The most surprising thing about the State of the Nation address wasn’t the violent ejection of the red berets. That’s a rerun of an old movie. It was the President’s failure to mention the major State-Owned Companies at all. They have featured prominently in the news as drivers of transformation as well as sites of corruption and patronage. This is all the more surprising because you would think they would be central to the “radical economic transformation” that has been promised.

And what about that “radical economic transformation”? Well, the South African government treads a fine line between trying to reverse the effect of centuries of exploitation and not causing the foreign investors who prop up our economy to flee. The President reflected this in the speech, which was free of the kind of rhetoric that is the preserve of the Economic Freedom Fighters.

At least one really radical change was noted, and it wasn’t about land. This is the plan to change competition law.

During this year, the Department of Economic Development will bring legislation to Cabinet that will seek to amend the Competition Act, 1998 (Act 89 of 1998).

It will, among others, address the need to have a more inclusive economy and to de-concentrate the high levels of ownership and control we see in many sectors. We will then table the legislation for consideration by Parliament.

In this way, we seek to open up the economy to new players, give black South Africans opportunities in the economy and indeed help to make the economy more dynamic, competitive and inclusive. This is our vision of radical economic transformation.

I can only think that this amendment will allow the competition authorities actively to break up remaining natural monopolies and big, dominant companies. SA Breweries springs to mind. A government willing to take on big business will need steely will. Not only do the authorities face waging war with armies of well-paid lawyers, they have to be prepared to deal with the fall-out of unintended consequences, one of these possibly being capital flight as those nervous investors decide to go elsewhere. Yet this is what has been missing from competition law in South Africa. The US, for example, has acted to break up dominant firms, the AT&T breakup being probably the most prominent.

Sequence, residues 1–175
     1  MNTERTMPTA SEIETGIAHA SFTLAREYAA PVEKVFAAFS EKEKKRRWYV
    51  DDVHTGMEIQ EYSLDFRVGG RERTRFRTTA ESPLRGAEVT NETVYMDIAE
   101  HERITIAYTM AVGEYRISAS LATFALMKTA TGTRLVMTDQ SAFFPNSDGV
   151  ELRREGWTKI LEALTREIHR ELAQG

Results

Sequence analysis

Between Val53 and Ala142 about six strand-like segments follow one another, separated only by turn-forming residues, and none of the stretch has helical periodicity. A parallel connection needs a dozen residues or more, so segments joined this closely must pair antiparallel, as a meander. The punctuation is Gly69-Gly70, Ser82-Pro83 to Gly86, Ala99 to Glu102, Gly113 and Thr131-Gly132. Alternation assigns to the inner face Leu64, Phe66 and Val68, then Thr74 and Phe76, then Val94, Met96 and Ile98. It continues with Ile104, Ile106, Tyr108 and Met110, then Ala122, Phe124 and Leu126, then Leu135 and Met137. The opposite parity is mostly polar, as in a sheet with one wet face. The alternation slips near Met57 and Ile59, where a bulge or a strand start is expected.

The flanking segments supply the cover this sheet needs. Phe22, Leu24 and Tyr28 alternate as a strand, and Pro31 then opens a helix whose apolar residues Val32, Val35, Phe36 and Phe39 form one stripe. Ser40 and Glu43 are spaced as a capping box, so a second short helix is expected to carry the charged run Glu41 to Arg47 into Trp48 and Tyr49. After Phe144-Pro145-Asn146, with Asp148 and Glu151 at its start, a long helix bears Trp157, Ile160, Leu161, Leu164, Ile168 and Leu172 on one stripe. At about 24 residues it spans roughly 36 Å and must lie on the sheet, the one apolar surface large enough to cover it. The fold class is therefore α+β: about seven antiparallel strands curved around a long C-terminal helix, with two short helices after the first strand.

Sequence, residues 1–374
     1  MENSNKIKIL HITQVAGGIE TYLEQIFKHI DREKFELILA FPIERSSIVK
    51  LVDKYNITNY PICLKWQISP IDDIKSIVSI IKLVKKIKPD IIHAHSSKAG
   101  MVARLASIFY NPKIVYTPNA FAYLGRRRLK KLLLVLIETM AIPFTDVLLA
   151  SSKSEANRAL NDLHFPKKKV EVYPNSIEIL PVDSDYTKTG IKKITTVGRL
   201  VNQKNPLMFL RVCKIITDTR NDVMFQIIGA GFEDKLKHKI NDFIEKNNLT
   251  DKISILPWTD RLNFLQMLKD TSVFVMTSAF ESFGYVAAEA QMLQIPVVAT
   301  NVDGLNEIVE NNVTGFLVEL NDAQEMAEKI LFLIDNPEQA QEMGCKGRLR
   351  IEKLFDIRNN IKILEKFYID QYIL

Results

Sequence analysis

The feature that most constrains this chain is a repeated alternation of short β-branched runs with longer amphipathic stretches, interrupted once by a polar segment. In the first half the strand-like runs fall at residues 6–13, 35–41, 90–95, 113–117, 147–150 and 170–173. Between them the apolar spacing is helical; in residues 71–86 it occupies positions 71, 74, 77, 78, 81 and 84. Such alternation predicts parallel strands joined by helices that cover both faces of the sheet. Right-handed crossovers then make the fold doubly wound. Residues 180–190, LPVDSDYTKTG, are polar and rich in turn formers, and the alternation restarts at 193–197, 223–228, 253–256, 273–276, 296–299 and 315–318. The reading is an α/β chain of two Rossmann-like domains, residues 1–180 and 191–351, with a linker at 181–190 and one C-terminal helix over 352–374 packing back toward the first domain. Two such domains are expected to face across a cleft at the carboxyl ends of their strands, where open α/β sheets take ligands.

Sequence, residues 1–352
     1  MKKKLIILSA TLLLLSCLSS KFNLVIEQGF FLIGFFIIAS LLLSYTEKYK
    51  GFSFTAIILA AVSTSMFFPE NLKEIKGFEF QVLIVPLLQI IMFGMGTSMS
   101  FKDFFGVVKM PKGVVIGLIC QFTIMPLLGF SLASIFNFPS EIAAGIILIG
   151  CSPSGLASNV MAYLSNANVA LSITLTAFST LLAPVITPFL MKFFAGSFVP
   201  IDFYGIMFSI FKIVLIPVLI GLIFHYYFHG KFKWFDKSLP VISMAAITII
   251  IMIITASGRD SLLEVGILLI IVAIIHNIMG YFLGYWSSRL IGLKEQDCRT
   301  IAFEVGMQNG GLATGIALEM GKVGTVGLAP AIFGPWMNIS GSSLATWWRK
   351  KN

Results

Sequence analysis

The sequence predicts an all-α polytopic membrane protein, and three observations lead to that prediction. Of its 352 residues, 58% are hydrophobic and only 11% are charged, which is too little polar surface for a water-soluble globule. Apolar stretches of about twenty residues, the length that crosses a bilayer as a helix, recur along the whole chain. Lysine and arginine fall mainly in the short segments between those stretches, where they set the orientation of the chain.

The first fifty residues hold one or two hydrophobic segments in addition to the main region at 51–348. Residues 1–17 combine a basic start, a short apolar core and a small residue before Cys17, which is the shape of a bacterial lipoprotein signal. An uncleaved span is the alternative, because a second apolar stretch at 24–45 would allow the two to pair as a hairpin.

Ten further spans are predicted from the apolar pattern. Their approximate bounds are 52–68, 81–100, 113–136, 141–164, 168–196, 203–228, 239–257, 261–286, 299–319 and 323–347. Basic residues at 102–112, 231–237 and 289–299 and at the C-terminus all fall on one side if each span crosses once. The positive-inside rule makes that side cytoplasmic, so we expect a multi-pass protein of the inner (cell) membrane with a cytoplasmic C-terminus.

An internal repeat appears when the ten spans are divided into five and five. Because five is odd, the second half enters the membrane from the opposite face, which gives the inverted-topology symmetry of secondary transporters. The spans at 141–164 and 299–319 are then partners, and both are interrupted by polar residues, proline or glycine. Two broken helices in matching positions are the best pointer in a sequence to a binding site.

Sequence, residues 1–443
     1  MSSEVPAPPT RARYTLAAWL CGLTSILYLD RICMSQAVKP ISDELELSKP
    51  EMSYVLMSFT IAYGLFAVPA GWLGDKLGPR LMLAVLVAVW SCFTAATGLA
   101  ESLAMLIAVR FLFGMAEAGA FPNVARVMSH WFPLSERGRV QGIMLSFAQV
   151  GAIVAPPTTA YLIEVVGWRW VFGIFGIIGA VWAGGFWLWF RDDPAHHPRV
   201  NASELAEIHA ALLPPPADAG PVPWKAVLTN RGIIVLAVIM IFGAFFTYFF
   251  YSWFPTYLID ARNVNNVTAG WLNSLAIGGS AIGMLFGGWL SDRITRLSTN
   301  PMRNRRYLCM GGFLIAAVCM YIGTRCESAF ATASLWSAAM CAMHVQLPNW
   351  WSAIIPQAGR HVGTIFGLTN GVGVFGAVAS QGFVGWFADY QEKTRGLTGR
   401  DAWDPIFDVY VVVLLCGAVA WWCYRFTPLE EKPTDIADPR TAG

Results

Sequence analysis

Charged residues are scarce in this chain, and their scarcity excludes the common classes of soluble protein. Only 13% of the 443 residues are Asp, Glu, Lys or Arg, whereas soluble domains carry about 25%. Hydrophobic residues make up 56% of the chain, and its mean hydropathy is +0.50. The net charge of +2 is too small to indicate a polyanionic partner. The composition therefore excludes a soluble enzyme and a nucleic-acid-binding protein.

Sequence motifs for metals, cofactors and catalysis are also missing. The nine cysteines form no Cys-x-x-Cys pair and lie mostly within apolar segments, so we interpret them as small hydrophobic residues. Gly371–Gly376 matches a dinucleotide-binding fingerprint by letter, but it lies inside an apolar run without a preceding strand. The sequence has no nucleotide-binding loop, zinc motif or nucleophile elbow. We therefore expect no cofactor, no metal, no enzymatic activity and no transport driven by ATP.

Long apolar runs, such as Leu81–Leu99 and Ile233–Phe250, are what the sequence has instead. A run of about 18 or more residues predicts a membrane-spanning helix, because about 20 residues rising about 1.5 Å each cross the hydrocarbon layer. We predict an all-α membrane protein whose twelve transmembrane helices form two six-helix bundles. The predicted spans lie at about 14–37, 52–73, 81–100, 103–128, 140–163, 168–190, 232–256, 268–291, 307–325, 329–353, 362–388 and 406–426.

In not talking about the State-Owned Companies, which have often in recent years been muddied by poor governance and allegations of corruption, but presenting a plan to increase competitiveness in the private sector the President left out an important part of our economic puzzle.

What is missing from policy, as ex-competition tribunal head David Lewis noted in his book Thieves at the Dinner Table, is policy on competition generally, and where the SOCs fit into that. The President also promised the State would proceed with a State mining company, for instance. How will the State be both coach and player in this game?

As for the rest of the speech, it was as usual wide-ranging and did not present a coherent theme.

For three years now, the president has referred to the government’s nine-point plan in in his speech. It has changed ever so slightly, but it is an orthodox set of focus areas for intervention, with the idea of solving unemployment simply by spurring growth. Note that this is a technical, economic approach to solving our problems.

I set it out in tabular form, with the focus areas on the left and the departments or ministries responsible on the left.